Montgomery County Executive Charles W. Gilchrist, leading a procession of bankers and businessmen at a public hearing last night, opposed proposals to curb a county building boom, calling them "dubious."
At the same time, citizen groups urged passage of the measures as a short-term solution to "serious and growing" traffic congestion.
The bills, sponsored by council members David L. Scull and Neal Potter, would place a three-year cap on building permits and would prohibit construction of subdivisions until roads serving them are under contract to be built.
The measures are designed to slow the record pace of residential and commercial development at a time when motorists are facing severe congestion on many of the county's major roads and highways.
"We need some breathing room in Montgomery County. We cannot let such serious growth problems drift unresolved," Scull said.
But Gilchrist, testifying at the hearing before the County Council in Rockville, called the measures a "precipitous response" that would cause "substantial and irreparable damage to our . . . credibility and to an orderly development of the county."
At a news conference before the hearing, leaders of seven civic associations representing areas of high growth countered that view and urged the council to pass the measures to gain control of development "during this crisis of congestion."
"We are not opposed to development, we are opposed to a lack of adequate public facilities," said Samuel Crook, president of the Columbia Road Citizens Association, one of the groups.
During the last decade, thousands of new houses and office buildings were approved for construction, but the state and county roads that were supposed to serve them never got off the drawing board because of citizen opposition or a lack of funding.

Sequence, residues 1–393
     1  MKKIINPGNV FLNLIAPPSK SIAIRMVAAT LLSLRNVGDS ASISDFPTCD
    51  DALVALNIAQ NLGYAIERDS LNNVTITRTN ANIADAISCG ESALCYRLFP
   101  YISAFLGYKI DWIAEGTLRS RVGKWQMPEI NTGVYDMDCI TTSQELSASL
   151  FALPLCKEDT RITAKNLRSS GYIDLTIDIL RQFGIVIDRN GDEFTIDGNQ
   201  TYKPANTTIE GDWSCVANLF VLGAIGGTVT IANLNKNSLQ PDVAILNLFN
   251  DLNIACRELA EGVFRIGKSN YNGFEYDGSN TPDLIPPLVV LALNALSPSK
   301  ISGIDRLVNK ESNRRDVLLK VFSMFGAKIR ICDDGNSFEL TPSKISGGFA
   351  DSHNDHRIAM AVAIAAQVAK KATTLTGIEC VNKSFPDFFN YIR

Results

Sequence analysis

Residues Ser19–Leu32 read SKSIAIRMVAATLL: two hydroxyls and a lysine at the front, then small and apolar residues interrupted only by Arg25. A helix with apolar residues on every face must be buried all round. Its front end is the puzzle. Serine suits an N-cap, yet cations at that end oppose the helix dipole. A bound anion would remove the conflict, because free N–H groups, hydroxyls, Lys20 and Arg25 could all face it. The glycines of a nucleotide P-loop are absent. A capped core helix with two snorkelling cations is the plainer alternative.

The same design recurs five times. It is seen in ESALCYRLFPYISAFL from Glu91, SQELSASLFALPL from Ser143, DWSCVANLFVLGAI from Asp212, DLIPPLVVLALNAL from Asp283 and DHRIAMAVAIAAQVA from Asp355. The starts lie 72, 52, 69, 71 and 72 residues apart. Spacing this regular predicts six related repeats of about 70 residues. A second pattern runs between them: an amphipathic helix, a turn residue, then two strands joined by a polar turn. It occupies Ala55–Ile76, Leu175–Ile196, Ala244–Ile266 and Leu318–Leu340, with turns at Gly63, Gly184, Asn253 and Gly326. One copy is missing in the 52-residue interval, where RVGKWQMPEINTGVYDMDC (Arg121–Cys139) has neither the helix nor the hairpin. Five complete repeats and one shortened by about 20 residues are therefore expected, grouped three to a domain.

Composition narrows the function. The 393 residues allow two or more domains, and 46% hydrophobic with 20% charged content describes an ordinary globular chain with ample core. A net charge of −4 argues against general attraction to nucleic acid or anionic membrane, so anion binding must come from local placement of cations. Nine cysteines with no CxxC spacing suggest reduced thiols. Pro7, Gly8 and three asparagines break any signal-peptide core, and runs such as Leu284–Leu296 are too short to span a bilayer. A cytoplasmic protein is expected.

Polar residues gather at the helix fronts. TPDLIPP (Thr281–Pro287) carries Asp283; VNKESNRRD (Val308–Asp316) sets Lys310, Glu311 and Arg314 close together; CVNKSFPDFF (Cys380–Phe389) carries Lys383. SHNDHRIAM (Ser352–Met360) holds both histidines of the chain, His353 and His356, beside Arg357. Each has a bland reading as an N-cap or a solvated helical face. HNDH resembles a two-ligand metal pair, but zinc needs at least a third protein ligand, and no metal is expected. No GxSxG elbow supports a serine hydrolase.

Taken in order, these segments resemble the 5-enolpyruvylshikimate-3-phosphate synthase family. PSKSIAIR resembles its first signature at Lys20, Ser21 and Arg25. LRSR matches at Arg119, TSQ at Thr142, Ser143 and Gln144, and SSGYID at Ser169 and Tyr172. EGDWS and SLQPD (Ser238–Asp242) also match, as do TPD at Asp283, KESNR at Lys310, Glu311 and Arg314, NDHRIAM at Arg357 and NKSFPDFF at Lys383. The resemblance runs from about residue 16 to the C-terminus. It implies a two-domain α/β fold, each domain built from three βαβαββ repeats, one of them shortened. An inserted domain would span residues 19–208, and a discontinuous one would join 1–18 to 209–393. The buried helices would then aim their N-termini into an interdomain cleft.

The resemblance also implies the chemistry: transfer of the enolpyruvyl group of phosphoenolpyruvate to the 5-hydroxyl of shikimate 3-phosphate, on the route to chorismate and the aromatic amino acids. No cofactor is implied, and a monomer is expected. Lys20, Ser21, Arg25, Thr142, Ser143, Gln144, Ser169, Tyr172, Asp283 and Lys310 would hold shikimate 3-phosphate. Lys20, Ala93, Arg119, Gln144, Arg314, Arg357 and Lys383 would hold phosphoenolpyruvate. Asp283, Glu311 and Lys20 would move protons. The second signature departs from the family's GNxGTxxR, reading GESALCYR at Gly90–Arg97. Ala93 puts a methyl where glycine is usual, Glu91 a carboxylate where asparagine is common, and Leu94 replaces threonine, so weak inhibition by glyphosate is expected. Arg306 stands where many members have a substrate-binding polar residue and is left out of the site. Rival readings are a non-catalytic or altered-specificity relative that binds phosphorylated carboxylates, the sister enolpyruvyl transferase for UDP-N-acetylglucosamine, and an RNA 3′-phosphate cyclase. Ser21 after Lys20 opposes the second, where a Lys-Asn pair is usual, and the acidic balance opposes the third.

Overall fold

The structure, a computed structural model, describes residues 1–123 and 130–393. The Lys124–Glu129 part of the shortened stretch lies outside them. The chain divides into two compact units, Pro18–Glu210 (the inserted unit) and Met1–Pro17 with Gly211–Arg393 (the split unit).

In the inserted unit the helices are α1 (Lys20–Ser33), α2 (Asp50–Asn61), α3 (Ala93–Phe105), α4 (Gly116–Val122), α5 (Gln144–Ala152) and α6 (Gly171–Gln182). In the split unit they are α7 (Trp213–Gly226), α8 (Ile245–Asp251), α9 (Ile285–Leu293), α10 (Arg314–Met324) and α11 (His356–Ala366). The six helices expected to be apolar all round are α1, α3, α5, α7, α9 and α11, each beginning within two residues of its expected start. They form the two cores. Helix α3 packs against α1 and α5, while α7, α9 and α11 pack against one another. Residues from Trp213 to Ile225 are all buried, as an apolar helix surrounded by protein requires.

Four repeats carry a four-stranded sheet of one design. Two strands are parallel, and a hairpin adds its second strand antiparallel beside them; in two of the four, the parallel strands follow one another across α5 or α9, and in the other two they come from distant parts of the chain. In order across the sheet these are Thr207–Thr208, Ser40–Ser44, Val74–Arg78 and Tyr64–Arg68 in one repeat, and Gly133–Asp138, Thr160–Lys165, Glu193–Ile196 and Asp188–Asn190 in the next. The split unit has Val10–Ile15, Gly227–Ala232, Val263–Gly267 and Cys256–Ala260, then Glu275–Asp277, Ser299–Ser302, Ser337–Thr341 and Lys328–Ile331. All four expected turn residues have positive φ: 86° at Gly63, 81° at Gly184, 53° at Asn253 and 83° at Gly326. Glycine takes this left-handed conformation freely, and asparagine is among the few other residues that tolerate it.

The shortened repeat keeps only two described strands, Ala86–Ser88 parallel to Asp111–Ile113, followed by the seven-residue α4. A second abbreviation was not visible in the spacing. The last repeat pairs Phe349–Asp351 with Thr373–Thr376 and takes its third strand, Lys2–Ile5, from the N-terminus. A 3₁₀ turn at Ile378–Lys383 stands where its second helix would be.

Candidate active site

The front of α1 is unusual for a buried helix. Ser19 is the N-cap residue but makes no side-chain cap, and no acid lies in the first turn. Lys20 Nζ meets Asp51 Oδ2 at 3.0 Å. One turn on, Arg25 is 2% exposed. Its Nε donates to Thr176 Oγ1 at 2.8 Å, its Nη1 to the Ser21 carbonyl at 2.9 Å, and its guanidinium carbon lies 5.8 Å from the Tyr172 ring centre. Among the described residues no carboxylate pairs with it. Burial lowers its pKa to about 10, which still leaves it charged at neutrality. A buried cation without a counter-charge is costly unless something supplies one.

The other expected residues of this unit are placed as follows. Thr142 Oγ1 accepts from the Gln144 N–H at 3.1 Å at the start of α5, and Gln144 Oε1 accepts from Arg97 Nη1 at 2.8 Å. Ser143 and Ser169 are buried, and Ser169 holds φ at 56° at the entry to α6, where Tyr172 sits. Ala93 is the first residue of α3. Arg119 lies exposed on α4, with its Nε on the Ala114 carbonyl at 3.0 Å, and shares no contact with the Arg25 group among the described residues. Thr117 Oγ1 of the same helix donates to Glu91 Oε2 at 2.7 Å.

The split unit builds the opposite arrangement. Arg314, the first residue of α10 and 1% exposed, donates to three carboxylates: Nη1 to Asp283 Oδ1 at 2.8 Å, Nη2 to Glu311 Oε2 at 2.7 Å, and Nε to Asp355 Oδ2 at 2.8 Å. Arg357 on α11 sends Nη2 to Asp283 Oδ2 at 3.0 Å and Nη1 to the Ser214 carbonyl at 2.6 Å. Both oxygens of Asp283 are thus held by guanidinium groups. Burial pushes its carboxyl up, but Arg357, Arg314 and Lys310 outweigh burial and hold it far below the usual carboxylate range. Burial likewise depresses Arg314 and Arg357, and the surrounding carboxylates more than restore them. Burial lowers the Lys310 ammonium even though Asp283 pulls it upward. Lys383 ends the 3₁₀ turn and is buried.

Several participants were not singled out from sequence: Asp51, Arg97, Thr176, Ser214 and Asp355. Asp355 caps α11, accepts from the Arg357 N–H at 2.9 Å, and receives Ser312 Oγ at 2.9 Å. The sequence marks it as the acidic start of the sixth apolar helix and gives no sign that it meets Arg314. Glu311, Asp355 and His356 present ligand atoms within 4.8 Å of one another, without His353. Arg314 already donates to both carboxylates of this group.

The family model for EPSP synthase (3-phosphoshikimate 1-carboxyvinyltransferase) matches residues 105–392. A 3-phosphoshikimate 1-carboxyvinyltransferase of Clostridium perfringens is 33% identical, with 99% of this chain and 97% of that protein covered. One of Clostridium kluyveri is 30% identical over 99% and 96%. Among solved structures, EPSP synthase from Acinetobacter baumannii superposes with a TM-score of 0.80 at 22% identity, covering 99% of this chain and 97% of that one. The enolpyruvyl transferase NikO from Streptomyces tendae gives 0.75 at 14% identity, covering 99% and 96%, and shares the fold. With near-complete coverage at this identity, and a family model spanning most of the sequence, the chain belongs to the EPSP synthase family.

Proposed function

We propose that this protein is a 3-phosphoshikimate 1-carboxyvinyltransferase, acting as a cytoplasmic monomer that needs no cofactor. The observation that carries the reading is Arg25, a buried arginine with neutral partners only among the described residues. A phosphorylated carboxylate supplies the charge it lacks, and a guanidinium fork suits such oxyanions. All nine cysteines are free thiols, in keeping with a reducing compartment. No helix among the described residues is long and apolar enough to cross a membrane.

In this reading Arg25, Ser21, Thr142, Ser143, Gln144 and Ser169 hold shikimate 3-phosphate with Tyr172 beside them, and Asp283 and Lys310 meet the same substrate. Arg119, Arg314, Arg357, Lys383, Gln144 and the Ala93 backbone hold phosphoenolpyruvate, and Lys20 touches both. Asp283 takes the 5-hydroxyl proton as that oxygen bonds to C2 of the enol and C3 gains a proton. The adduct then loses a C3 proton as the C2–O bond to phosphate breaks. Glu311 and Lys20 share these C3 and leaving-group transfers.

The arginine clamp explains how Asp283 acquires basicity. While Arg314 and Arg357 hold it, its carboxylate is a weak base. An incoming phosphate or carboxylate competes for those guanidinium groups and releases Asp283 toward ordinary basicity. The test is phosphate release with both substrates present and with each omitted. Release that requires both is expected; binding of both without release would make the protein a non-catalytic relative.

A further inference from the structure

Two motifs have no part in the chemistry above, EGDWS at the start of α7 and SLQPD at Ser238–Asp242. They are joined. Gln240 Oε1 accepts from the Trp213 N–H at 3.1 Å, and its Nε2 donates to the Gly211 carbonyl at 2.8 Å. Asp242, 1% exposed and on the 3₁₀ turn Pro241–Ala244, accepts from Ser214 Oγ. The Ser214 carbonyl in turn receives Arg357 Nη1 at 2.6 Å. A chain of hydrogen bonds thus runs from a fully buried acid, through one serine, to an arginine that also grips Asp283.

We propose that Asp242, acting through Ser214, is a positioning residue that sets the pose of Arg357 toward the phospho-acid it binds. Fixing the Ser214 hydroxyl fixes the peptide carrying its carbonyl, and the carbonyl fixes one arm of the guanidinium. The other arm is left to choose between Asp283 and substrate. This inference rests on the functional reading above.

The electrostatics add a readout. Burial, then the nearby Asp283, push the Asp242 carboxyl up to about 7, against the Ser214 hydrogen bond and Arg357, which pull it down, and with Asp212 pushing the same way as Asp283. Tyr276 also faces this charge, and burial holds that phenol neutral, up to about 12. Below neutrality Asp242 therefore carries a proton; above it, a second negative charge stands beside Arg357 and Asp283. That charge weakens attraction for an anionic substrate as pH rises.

Because of a shortage of road capacity, more than 70 percent of the county is under a moratorium on new subdivision construction. But the ban does not apply to more than 46,000 houses and 18 million square feet of office space that were approved in prior years.
The cap on building permits is designed to control the pace of construction of those units. Projects approved more than four years before the issuance of a building permit would have to meet current standards for adequate public facilities, according to Scull.
Gilchrist said the cap would present "insurmountable difficulties" in administering building permit quotas, threaten the construction of low-cost housing and create uncertainties that would make it difficult for builders to obtain financing.
Thomas J. Owen, chairman of Perpetual American Bank, one of the region's largest mortgage banks, with more than $850 million in real estate loans extended in Montgomery County, said the measure could stop many of its projects "dead in their tracks."
"We, and most lenders, would have to substantially revise our lending operations in Montgomery County," he said. "Inevitably, many of the county's current developers will be squeezed out . . . . "
County Board of Realtors President Dale L. Ross, representing a coalition of developers and businesses, urged the council to consider enacting a piggyback tax on license registrations and gasoline or imposing fees on new homes to pay for new road construction.
Gilchrist said he also was studying the use of new fees and special taxes to pay for a massive road construction program that is to catch up with the level of development in six years.
Current plans, he said, include $188 million in programmed road improvements to county roads and $300 million in state road improvements. But he said it would take another an additional $100 million in new construction to provide enough road capacity to take care of future development.